The car that fatally crushed “Star Trek” actor Anton Yelchin had been under recall over fears that it could roll off without warning, it emerged on Monday.
Friends discovered the Russian-born actor pinned against a brick mailbox pillar and security fence at his California home by his Jeep Grand Cherokee in the early hours of Sunday.
Investigators said the actor, who was just 27, had momentarily got out of the vehicle when it rolled backward down the steep driveway toward him.
The US National Highway Traffic Safety Administration (NHTSA) said in February that 2015 models of the SUV like Yelchin’s could continue to move after drivers thought they had locked them in “park,” and linked the issue to more than 100 crashes.
Manufacturer Fiat Chrysler’s US unit issued a recall for hundreds of thousands of Jeep Grand Cherokees and other models in April to address the problem.
However, FCA US said it had not found a permanent remedy and mainly advised owners to double-check that their car was in “park” as intended.
“Drivers thinking that their vehicle’s transmission is in the PARK position may be struck by the vehicle and injured if they attempt to get out... while the engine is running and the parking brake is not engaged,” the NHTSA said.
No deaths had been linked to the problem but injuries reported included fractured bones and other problems that required hospitalisation.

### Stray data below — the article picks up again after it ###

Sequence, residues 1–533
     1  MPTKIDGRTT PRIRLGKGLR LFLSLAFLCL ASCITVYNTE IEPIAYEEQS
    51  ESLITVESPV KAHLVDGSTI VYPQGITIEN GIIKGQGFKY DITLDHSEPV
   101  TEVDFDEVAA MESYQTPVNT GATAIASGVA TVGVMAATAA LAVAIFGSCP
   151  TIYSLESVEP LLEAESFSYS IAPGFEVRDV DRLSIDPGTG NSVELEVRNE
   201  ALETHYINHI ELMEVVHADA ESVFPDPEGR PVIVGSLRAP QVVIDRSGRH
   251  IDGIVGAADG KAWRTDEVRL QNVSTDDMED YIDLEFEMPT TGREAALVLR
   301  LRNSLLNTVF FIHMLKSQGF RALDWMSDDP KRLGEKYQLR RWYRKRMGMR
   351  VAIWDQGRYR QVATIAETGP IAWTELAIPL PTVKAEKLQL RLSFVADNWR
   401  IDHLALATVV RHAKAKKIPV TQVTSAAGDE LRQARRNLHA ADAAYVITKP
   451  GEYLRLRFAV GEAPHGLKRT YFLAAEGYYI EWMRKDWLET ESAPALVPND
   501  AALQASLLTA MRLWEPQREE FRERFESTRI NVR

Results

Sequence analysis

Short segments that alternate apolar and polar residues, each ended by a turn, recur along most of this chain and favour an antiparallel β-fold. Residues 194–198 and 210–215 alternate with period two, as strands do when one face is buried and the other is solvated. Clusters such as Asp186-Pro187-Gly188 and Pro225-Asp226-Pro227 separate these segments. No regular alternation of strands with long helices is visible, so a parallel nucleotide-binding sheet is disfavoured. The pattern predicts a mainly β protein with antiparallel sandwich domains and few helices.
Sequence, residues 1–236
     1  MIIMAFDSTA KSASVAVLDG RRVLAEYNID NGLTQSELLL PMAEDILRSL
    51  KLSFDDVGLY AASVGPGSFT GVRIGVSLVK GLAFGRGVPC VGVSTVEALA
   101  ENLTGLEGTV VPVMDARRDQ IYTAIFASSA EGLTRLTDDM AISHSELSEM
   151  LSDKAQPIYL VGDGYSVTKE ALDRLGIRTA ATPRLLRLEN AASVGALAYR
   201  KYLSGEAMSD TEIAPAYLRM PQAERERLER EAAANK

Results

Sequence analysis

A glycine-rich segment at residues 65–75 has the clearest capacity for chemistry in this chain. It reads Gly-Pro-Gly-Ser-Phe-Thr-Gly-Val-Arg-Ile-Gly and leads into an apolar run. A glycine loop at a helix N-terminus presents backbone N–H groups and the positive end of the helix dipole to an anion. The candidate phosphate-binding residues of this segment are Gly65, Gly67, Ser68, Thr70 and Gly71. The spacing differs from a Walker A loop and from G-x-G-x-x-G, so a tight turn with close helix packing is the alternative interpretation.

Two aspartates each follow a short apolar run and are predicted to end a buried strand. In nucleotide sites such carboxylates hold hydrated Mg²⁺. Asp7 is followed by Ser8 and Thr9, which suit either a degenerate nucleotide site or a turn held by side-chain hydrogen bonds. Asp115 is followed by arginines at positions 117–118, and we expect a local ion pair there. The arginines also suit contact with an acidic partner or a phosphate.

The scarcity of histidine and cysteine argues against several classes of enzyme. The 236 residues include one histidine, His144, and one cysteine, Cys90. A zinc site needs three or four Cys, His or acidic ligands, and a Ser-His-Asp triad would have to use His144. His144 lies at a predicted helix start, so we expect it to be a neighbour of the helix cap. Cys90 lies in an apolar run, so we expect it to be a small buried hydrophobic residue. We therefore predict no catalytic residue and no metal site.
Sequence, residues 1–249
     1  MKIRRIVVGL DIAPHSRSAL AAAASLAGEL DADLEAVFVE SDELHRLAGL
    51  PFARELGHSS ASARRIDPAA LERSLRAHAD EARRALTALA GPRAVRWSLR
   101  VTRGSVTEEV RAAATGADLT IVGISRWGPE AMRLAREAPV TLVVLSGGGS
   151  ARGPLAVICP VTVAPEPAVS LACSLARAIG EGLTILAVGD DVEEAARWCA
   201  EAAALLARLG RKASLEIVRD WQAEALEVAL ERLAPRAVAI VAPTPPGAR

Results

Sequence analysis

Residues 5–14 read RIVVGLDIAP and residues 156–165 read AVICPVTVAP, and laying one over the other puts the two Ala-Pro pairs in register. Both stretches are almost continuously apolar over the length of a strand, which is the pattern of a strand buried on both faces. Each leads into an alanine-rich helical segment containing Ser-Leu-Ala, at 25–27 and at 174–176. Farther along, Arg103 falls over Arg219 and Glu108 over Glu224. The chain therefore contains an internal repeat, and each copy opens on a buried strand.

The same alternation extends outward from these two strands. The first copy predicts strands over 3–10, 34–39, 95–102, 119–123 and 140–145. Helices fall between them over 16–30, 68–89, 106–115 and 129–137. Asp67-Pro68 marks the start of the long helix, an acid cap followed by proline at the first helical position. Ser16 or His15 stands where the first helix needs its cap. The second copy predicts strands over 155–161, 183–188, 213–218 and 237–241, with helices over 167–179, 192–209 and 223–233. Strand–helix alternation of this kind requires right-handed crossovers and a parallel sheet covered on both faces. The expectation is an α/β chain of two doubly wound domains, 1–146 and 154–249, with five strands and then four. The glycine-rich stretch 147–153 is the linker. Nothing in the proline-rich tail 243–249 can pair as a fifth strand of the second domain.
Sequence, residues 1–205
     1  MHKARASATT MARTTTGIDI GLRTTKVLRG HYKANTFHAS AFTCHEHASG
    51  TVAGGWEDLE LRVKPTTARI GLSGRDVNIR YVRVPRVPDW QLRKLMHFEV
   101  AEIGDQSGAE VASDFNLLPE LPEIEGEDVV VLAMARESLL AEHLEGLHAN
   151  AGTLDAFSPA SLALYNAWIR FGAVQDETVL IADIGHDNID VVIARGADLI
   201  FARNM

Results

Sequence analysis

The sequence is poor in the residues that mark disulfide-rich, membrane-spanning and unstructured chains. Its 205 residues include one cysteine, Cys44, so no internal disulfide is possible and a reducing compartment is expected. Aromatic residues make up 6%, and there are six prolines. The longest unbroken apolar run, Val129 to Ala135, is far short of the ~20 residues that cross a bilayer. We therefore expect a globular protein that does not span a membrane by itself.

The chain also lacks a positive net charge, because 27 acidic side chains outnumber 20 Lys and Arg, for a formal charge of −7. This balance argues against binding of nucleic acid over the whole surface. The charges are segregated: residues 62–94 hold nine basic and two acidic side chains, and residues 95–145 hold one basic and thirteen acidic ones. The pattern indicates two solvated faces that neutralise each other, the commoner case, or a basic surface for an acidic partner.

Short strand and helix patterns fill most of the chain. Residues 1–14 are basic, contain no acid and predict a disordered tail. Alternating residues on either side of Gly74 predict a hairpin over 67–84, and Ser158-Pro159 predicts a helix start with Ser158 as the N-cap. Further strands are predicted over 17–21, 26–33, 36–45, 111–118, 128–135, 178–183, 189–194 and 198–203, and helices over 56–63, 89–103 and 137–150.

Rollaway vehicles killed 370 people between 2008 and 2011, according to the NHTSA, an average of around 93 people a year, while some 2,000 people were injured annually during the same period.
“It is premature to speculate on the cause of this tragedy,” FCA said in a statement, adding that it was investigating.
Yelchin moved to the United States when he was six months old with his parents, who were star figure skaters with the Leningrad Ice Ballet, and made his film debut at age nine in “A Man Is Mostly Water.”
His breakout performance came in the 2006 crime thriller “Alpha Dog,” and his movie credits include JJ Abrams’s three “Star Trek” films and last year’s critically acclaimed “Green Room.”
Abrams described Yelchin as “funny as hell and supremely talented,” while “Star Trek” co-star Zachary Quinto said the actor was “one of the most open and intellectually curious people” he knew.
“So enormously talented and generous of heart. Wise beyond his years, and gone before his time,” Quinto posted on photo sharing platform Instagram.
Justin Lin, who directed “Star Trek Beyond,” the third in the reboot trilogy due out next month, paid tribute to Yelchin’s “passion and enthusiasm.”
Susan Sarandon, who starred alongside Yelchin in the 2008 coming-of-age comedy “Middle of Nowhere,” described the actor as “an original.”
“One of the most curious, funny, sweet people I’ve ever known,” she wrote on her Facebook page.
“He was a searcher, an incredible talent and a loyal and loving son. Any time would be too soon for his departure from this plane, but this is an unforgivable and unbearable loss.”
Horror novelist Stephen King and actors William Shatner, Tom Hiddleston and Anna Kendrick noted Yelchin’s immense talent and passion.
Bryce Dallas Howard, his co-star in 2009’s “Terminator Salvation,” described him as “an angel on earth whose light will never be extinguished.”
Milla Jovovich, who acted opposite Yelchin in 2014 Shakespeare big-screen adaptation “Cymbeline,” described him as her “brother” and said she and her family were “destroyed” by his death.